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The Truth According to Us

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Co-author with Mary Ann Shaffer of the best-selling The Guernsey Literary and Potato Peel Pie Society and creator of a highly regarded children’s series starring Ivy and Bean, Annie Barrows now has written a stand-alone novel all her own. Set in 1938, The Truth According to Us takes place in West Virginia, where a young woman has been sent by the WPA (Works Progress Administration) to write the history of small-town Macedonia. Conflicting agendas factor into her project. How Layla Beck negotiates the difficult terrain turns into a delightful, witty, absolutely charming novel.

Layla decides “to try to make The History of Macedonia something good, something worth reading and keeping.” She notes, “I’ve been thinking about history a good deal in the past few weeks, and I believe it fails when it offers only a tepid recitation of events and dates. A successful history is one that captures the living heat of opinion and imagination and ancient grudge.” So Layla’s task is to discover, to “capture,” the historic underpinnings of a community where everyone’s version of the truth differs slightly from everyone else’s, where many people would prefer to bury the truth of what really happened when, and where ancient grudges still dominate present-day relationships.

Barrows tells Macedonia’s history from many different points of view. While doing her research, Layla boards with the Romeyn family. Despite the fact that the family patriarch managed the town’s major industry for thirty-seven years, his descendants are not on the approved list of notable citizens. Layla wonders why, as does the scion’s precocious granddaughter, twelve-year-old Willa Romeyn. Parallel to Layla’s research and reconstructions of the past, Willa conducts her own investigation.The result is a hilarious layering of stories, myths, half-truths and remembrances.Through interviews, library research, and intuition, Layla garners multiple versions of various events, blends them together, and then writes her own renditions. Willa imagines her own truths, too. Thus every major occurrence in Macedonia’s past is retold numerous times and in numerous ways in The Truth According to Us.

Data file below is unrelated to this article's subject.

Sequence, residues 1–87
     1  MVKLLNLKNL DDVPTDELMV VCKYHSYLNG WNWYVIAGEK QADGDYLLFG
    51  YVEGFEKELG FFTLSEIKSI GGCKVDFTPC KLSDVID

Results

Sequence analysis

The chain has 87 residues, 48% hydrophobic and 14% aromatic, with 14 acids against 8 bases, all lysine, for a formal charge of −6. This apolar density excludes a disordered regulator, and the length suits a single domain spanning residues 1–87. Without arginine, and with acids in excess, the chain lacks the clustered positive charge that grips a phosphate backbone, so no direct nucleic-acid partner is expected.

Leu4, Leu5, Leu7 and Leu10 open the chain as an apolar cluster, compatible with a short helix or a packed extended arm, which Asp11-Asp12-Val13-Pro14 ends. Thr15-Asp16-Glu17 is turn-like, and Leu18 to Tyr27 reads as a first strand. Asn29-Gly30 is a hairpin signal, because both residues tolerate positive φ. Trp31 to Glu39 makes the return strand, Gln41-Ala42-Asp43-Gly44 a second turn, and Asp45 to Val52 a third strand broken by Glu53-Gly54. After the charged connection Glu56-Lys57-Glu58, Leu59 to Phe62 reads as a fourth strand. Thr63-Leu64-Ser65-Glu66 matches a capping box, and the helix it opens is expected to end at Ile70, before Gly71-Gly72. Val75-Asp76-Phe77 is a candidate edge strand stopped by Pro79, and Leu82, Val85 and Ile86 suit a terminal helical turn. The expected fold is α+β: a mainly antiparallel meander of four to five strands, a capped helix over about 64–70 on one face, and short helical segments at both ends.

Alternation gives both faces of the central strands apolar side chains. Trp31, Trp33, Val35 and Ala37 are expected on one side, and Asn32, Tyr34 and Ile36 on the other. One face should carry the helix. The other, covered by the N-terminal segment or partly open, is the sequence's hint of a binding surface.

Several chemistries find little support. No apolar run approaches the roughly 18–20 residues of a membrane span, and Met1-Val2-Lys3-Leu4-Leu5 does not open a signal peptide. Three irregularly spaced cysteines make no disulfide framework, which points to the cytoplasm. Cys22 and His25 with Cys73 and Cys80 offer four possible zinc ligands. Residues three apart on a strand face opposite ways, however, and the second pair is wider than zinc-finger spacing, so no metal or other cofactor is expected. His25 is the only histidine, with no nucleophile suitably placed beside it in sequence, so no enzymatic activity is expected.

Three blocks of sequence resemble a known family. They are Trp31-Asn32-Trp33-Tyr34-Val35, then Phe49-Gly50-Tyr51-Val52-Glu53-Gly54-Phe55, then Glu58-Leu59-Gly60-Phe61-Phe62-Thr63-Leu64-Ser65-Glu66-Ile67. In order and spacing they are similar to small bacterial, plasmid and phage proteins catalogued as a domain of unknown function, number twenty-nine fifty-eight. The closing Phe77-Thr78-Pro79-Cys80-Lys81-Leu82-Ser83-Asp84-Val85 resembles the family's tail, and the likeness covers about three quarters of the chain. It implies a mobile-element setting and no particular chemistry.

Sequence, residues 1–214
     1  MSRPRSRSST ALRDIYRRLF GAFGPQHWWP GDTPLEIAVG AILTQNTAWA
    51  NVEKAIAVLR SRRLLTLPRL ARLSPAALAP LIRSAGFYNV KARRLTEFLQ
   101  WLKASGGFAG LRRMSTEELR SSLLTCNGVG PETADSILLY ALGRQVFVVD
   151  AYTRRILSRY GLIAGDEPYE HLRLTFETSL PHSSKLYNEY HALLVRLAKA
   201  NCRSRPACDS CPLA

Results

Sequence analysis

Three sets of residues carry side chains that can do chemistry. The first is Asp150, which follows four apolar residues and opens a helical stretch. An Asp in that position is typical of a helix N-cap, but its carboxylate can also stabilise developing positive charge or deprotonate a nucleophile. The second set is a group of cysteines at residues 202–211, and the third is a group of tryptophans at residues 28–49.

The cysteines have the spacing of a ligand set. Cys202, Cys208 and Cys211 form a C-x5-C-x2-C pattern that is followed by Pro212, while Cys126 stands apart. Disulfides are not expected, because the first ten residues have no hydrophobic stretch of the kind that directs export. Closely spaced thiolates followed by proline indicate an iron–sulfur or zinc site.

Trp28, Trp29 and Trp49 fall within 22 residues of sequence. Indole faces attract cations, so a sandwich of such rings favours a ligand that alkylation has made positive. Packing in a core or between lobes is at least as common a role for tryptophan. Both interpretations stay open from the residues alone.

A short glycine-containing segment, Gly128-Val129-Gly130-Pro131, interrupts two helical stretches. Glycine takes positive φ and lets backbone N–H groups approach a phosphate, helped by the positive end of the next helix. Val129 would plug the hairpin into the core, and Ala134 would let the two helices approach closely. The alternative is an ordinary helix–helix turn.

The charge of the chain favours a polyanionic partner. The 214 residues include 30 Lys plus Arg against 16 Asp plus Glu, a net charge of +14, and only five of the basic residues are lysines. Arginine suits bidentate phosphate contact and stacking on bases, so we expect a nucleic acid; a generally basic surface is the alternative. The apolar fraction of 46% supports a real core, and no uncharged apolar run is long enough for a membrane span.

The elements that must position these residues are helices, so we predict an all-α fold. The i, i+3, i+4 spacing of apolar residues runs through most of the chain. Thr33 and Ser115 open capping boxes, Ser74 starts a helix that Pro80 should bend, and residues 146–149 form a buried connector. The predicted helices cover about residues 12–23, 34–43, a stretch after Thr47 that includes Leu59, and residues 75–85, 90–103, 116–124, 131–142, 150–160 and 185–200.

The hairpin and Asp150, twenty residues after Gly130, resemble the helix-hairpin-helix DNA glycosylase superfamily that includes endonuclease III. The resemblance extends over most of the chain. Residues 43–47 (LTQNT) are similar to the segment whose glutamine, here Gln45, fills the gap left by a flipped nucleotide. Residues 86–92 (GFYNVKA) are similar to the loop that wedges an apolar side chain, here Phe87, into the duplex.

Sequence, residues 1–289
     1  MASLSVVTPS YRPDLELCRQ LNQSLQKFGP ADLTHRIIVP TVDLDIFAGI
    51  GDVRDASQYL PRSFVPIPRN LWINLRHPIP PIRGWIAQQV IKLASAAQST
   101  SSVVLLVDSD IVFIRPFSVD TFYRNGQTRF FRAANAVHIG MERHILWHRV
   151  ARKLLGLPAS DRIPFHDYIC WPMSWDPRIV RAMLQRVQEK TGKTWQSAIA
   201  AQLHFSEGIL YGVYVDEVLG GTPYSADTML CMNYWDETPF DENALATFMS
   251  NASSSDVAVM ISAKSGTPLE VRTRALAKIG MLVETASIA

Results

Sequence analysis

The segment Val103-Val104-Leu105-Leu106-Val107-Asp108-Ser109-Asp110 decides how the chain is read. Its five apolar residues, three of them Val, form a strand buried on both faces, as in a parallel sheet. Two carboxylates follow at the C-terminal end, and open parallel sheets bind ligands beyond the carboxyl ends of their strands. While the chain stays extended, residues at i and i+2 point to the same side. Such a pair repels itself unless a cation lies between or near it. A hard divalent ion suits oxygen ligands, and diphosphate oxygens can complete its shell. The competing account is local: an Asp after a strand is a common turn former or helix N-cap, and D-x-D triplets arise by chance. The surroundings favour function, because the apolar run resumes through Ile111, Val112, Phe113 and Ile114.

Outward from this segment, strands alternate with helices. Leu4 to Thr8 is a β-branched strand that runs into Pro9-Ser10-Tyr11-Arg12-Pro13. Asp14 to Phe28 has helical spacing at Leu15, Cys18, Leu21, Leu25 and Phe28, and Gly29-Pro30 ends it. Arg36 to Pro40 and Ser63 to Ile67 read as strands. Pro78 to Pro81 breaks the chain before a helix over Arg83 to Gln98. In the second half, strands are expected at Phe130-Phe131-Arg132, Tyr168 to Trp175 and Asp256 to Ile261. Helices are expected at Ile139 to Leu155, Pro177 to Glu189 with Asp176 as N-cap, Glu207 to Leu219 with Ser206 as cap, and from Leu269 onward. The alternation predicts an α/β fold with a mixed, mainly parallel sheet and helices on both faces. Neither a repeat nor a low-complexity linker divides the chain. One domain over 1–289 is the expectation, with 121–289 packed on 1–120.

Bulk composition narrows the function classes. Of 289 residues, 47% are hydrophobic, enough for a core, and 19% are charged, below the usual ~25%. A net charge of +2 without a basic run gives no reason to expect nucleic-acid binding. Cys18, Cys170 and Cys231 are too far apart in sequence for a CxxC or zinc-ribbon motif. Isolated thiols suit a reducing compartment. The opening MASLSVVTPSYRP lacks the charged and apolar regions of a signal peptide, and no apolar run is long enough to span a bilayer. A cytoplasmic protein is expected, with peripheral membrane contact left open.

I found myself chuckling on nearly every page, and sometimes actually laughing aloud. The novel is that funny! Beginning with the founding father, General Magnus Hamilton, who must have been certifiably mad but whose reputation must be upheld by his sycophantic heirs, and continuing through the economic ebb and flow of the American Everlasting Hosiery Company, the central business that employs so many Macedonians, Layla reconstructs a surprisingly astute History that horrifies the community elders but totally charms the rest of the citizenry. She also, to the dismay of some and to the delight of others, solves a long-buried mystery.

An astute reader will find many of the truths in The Truth According to Us to be obvious. Most readers will, I suspect, have solved the mystery long before Layla and Willa put all the pieces together. But Barrows’s handling of those ancient truths is surprising; the denouement of the novel differs remarkably from what I had imagined. The “living heat of opinion” not only forges a new Macedonian present-day reality, but directs both Layla and Willa into unexpected futures. I loved The Guernsey Literary and Potato Peel Pie Society; I loved The Truth According to Us, too. – Ann Ronald

Also available by Annie Barrows: The Guernsey Literary and Potato Peel Pie Society; Ivy + Bean Take the Case, I+B’s Secret Treasure, I+B and the Ghost that Had to Go, I+B Break the Fossil Record, I+B Make the Rules, I+B No News is Good News; I+B Doomed to Dance; I+B+Me A Fill-in-the-Blank Book; I+B Paper Doll Play Set; I+B What’s the Big Deal, and I+B #5 Bound to be Bad. 

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